Microsoft managed to reel in a number of manufacturer partners ahead of its Windows 10 S announcement. Acer, Asus, Dell, Fujitsu, HP, Samsung, and Toshiba all signed on to release lower-cost laptops powered by Windows 10 S and starting at just $189. The move was a clear shot at Google, which has managed to steal the lion’s share of the education market in key regions thanks to ultra-affordable Chromebook laptops offered by Google’s partners.
Some recent estimates suggest Chrome OS now owns about 60% of the US education market in grades K-12. This is hugely significant, of course, because students who grow up using Chrome instead of Windows are more likely to continue using it as adults. And now, even users who want high-end laptops that offer impressive performance can stick with Chrome thanks to devices like the latest Google Pixelbook.
But it appears as though Windows 10 S hasn’t been received as well as Microsoft had hoped. Just 10 months after announcing the new operating system, Microsoft on Tuesday evening confirmed that it is being scrapped next year. In its place, Microsoft will build a new “S Mode” into Windows 10 Home, Windows 10 Enterprise, and Windows 10 Pro. Administrators in settings like schools will likely be able to lock devices in S Mode, though details are scarce for the time being.

“We use Win10S as an option for schools or businesses that want the ‘low-hassle’/ guaranteed performance version,” Microsoft executive Joe Belfiore wrote in a post on Twitter. “Next year 10S will be a ‘mode’ of existing versions, not a distinct version.” Belfiore’s tweet was posted in response to a user asking why Windows S 10 market share data wasn’t being separated from overall Windows 10 market share figures.
We use Win10S as an option for schools or businesses that want the 'low-hassle'/ guaranteed performance version. Next year 10S will be a "mode" of existing versions, not a distinct version. SO … I think it's totally fine/good that it's not mentioned.

— Joe Belfiore (@joebelfiore) March 7, 2018

Recent rumors had suggested that Microsoft was planning to scrap its paid upgrade scheme for some Windows 10 S device owners who want to upgrade to Windows 10. According to those reports, users with Windows 10 S machines would be able to upgrade to Windows 10 Home for free, while upgrades to Windows 10 Pro would still cost $50. Microsoft hasn’t yet offered any additional details, so it remains to be seen if this will indeed be the case.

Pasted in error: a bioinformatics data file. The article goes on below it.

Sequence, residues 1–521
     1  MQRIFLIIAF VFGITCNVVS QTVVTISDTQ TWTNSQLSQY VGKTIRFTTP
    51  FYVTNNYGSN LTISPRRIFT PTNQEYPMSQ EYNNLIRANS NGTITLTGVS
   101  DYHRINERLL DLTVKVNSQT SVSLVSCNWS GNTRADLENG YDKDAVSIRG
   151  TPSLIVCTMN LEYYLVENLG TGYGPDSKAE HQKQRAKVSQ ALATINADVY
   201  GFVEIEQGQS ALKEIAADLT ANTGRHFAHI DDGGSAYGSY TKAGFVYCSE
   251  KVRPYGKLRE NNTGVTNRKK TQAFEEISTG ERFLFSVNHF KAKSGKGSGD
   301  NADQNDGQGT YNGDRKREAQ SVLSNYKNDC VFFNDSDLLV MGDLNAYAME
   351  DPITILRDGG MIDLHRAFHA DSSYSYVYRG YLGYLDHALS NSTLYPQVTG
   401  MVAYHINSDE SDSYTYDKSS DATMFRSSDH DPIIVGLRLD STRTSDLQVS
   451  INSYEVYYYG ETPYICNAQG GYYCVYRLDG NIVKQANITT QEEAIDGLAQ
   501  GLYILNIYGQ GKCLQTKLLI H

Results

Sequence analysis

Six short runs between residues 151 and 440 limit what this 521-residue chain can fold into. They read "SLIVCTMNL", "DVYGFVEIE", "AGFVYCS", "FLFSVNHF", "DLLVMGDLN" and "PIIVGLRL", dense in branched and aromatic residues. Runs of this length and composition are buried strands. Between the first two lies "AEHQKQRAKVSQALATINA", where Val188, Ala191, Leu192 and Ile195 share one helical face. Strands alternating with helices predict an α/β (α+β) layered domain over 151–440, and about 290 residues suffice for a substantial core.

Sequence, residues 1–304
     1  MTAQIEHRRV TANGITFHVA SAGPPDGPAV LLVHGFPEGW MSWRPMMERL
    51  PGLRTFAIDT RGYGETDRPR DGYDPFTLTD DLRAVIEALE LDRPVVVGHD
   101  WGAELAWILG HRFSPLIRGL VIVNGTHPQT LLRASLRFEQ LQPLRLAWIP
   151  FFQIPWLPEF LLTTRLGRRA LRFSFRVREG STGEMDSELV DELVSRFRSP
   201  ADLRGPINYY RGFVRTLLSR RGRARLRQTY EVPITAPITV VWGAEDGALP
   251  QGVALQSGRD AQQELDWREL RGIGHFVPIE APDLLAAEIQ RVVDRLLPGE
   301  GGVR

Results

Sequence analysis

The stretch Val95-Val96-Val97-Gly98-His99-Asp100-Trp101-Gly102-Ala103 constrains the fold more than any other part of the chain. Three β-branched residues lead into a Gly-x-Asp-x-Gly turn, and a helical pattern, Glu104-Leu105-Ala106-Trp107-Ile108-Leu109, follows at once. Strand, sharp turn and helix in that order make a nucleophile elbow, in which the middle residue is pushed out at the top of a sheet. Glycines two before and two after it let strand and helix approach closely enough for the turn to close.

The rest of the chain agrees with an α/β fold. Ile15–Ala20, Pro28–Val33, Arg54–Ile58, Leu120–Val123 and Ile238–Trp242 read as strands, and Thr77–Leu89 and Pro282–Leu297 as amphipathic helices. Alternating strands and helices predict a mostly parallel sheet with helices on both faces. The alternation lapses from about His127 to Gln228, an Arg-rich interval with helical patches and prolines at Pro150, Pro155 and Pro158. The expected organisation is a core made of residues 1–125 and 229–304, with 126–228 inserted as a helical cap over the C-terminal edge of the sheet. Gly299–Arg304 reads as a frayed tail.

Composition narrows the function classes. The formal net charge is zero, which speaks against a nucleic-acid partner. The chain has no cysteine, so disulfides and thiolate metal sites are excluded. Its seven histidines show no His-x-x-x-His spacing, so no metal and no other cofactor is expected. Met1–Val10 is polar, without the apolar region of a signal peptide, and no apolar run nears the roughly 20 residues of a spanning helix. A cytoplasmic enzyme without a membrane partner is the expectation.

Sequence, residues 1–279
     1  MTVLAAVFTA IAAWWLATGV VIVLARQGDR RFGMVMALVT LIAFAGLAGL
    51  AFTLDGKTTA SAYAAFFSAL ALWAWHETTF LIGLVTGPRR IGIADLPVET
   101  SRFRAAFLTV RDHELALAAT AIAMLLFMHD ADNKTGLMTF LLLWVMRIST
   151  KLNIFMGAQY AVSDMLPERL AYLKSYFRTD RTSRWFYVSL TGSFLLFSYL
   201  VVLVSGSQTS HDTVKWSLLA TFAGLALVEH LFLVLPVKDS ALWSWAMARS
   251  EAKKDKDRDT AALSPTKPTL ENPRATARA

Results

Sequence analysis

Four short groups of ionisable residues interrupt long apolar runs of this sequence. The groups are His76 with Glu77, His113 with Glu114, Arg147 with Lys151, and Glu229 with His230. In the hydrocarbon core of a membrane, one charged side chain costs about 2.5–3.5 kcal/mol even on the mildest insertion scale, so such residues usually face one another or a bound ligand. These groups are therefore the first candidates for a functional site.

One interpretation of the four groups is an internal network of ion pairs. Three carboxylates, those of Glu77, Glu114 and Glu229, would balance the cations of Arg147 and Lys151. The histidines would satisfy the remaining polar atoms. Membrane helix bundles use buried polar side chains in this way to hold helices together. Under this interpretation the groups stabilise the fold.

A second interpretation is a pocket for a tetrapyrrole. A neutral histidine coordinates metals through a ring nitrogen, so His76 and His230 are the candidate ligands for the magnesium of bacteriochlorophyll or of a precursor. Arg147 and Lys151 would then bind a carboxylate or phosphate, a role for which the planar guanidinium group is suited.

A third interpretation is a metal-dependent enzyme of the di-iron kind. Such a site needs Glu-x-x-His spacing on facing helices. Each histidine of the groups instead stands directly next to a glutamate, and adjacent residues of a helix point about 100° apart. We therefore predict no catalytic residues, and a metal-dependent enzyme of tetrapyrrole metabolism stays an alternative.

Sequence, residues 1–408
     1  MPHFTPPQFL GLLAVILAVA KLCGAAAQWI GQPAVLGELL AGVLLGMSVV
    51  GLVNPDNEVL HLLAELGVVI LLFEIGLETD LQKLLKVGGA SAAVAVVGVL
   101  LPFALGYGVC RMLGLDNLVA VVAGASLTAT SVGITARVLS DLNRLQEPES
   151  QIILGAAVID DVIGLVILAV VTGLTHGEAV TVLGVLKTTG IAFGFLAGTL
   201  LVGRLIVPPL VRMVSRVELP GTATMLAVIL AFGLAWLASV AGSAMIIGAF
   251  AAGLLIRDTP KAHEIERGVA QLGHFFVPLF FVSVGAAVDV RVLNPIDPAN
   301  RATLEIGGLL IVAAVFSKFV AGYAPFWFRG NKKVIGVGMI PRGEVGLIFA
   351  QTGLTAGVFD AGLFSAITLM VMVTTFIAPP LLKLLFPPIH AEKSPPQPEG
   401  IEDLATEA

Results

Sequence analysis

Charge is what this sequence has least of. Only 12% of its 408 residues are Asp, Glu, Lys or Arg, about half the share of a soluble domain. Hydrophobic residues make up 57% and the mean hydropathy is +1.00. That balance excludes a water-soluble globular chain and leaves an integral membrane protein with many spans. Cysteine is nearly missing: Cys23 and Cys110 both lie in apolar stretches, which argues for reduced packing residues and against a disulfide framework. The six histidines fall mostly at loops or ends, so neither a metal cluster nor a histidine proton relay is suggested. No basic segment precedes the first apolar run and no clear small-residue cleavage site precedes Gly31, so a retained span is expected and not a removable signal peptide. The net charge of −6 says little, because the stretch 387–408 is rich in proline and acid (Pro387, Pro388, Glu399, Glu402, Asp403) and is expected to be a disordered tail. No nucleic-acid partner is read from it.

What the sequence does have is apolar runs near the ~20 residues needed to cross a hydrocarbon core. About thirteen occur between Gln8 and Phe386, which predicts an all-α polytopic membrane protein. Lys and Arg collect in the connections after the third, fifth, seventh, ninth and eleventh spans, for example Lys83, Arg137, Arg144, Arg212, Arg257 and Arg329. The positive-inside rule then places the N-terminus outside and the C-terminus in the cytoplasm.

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Spawn

Administrator
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Originally to compete with Chromebooks.

+1 for S Mode instead of a limited OS ("Windows 10 S"). Keen to see it's benefits and whether users can switch between the modes easily.

Can be a nice addition to the Install apps notification.
upload_2018-3-8_23-7-47.png


Let's wait and see..
 
5

509322

Originally to compete with Chromebooks.

+1 for S Mode instead of a limited OS ("Windows 10 S"). Keen to see it's benefits and whether users can switch between the modes easily.

Can be a nice addition to the Install apps notification.
View attachment 181923

Let's wait and see..
It's still Windows... and as far as security Microsoft cannot compete with Chromebook. Eventually, someday, Google's monopoly on security will be undone as the platform becomes more popular - but until that day - it's just plain stupid not to use Chromebook if you're a person who doesn't want to be bothered with the endless details, nuances, exceptions, caveats and problems of Windows security.

The Average Joe doesn't need Windows, but Microsoft conspires with OEMs and retailers for product placement and marketing that sends the message to Average Joe intended to make him\her think he\she has no choice but to use Windows. As we all know, it just ain't true.

And then there is the 10S\10 Pro licensing controversy and the $49 fee for 10S Mode... Gee, let me think how many people are going to buy into that when Microsoft cannot get people to buy Windows to begin with... :unsure: so many well know activators available and $3 licenses selling on eBay ?

So, yeah, 10S Mode might become a one-hit wonder among the pirated Windows crowd.

... Not ......